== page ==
Adding a Basement: Is our contractor doing it right?

jenicaNovember 12, 2007

We are having a walkout basement added to our almost 100 year old house and I wanted to make sure our contractor was doing this right as he is extremely cheap. We were just going to get the house level but he qouted us so cheap we asked him how much for a basement. He only wants $7500-8500 for the job, including materials and labor. The house is on a hill and the crawl space was already 6 feet deep on the down hill side but decreased to about 1 foot deep on the uphill side.

So far he opened up the cement block wall to accomodate a backhoe and has dug out the area to about 8 feet deep. The thing I was wondering about is except for opening the wall to accomodate the backhoe he is leaving the existing foundation walls alone. He plans on building new walls, about a foot in from the old walls, on top of the concrete floor he is pouring. On the walkout side of the basement the new wall will stop and be capped off when it is at the level of the old wall, leaving a shelf of sorts. On the other walls the new walls will run all the way to the joists. By doing this he is leaving the house supported by the existing walls and footers and the new walls will not be load bearing, although he will be installing new posts through the middle of the basement. He's doing it this way because he can't jack up our house due to an attached brick fireplace, concrete porch and wrap-aroung deck. Is this okay?

By the way, he isn't asking for money up front, we just pay for materials as he needs them and he gets the balance when he finishes the job. He is also: laying PEX tubing so we can have hydro-radiant heat floors, roughing in plumbing for a future bath and for washer/dryer hookups, water sealing, and adding a 36" x 54" window.

I'm just worried because this seems a little too good to be true, he can't take our money and run, so that leaves doing a crappy job. So is our house going to fall down or what?

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worthy

Now that he's broken through one of your basement walls and removed two feet of soil, it's a little late to be having second thoughts!!

So it's labour only. Assuming this is a smallish house--say 2,000 sf or so, the price is low. But, for some parts of the country, I suppose, not absurd for a no-invoice deal.

But, as you have described it, there may be a lot wrong with the way he's doing it!

On a house I bought to renovate, I was presented with a similar situation. The previous owner had lowered the basement floor by about a foot by breaking the concrete floor up and and digging. Then he had laid a new wood floor directly on the soil! (The basement was totally finished when I bought the home, so I didn't realize what I was buying.)

In lowering the floor, he had dug lower than the footings--in this case, bricks laid perpendicular to the brick foundation wall. Essentially, he undermined the house. (And since it was a semi-attached, he had partially undermined the adjoining home too.)

A professional engineer designed the fix: a rebar reinforced retaining wall around the entire perimeter of the basement to provide lateral support to the footings. Since I was doing that, I also lowered the basement a bit further and put in new sewer lines.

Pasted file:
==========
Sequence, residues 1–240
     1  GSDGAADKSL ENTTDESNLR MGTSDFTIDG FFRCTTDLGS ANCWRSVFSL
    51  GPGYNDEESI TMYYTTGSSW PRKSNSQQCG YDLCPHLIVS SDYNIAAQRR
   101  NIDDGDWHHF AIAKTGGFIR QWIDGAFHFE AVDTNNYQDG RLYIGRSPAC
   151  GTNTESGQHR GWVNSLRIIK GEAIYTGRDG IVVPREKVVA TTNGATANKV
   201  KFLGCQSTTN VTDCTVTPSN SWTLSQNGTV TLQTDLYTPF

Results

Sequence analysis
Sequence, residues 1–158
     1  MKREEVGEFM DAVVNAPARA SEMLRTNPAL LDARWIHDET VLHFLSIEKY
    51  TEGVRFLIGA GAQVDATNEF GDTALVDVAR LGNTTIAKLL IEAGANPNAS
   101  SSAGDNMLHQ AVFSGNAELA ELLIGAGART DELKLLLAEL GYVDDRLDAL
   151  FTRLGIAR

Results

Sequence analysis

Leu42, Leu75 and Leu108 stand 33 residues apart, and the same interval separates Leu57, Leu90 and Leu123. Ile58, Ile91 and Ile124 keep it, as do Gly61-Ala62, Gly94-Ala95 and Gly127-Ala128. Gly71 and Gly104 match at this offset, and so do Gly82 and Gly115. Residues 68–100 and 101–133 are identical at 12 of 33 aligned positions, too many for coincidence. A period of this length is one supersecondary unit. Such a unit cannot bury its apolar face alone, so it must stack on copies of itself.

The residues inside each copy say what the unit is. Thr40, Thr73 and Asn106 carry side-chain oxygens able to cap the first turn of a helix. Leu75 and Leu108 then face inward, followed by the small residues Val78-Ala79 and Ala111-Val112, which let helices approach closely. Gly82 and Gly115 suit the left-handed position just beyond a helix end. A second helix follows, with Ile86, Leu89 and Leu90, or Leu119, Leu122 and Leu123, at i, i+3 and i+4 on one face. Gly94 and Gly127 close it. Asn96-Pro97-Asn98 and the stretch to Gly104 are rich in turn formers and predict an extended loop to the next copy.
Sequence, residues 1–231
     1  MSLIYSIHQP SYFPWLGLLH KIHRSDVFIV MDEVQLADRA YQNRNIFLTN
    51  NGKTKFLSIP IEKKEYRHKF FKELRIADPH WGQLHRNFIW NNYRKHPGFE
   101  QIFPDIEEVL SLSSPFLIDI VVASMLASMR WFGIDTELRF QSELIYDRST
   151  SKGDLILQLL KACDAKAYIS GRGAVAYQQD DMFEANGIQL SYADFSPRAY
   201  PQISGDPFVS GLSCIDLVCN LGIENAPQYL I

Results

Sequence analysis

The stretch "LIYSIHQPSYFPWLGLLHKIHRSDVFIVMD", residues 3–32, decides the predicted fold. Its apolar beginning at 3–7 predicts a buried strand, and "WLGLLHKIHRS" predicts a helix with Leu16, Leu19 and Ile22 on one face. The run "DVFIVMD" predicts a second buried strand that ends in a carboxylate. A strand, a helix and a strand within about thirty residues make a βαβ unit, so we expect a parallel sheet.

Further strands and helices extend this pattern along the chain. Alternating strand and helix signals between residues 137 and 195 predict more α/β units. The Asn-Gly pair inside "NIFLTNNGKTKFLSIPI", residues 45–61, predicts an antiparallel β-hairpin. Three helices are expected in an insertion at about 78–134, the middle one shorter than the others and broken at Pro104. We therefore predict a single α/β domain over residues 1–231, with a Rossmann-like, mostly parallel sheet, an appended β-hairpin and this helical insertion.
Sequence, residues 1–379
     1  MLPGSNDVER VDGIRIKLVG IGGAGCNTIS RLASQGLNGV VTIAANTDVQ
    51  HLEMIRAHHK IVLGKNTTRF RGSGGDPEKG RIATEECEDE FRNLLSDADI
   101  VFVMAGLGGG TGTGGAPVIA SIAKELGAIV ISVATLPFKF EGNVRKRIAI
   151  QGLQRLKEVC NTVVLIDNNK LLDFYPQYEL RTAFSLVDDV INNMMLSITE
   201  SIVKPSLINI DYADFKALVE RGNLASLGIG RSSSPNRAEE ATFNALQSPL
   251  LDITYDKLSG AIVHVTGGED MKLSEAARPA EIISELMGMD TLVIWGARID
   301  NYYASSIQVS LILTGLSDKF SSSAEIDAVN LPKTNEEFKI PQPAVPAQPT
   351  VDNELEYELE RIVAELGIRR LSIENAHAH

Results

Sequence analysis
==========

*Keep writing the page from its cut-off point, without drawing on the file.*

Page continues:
My concern on your home is that the excavation has undermined your footings too. He left a foot of undisturbed soil between his excavation and the walls. That's not adequate. Putting up stud walls to secure wall finishings is fine.

None of this work was done with a building permit, I take it. Before you proceed any further, I strongly suggest you contact your local building officials or a qualified professional engineer to design this project properly. Don't be surprised if the municipal inspector puts a "stop work" order on it.

It's only a bargain if it's done right!!

    Bookmark   November 12, 2007 at 8:39PM
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blue_velvet_elvis

We apparently have a miniscule home at 1100 sq ft. We had our home raised on jacks, set on "cribs", eight to ten feet of dirt dug out, a block foundation installed and waterproofed, a new furnace and all downstairs plumbing, doors and windows, done for 30k.

Is there a partial basement or something now? Most 100 year old home aren't built on slabs.

    Bookmark   November 14, 2007 at 6:20AM
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brickeyee

Digging below footers (or in the area below a 45 degree line from the footer downwards) is NOT a good idea.

At the very least you need a geotechnical engineer, and also possibly a structural experienced in house foundation design to tell you if the footers have been compromised.

Depending in the type of soil and how far below (and close) the support has been removed the edges can blow out allowing the base of the wall to shift into the new hole.
You can figure out what happens to the house above.

In many cases 'benches' are left along the footers inside to prevent shifting.
The bench is often as wide as it is tall.
If the footer is 3 feet off the new floor, a 3 foot wide by 3 foot tall bench is left.

    Bookmark   November 17, 2007 at 9:44AM
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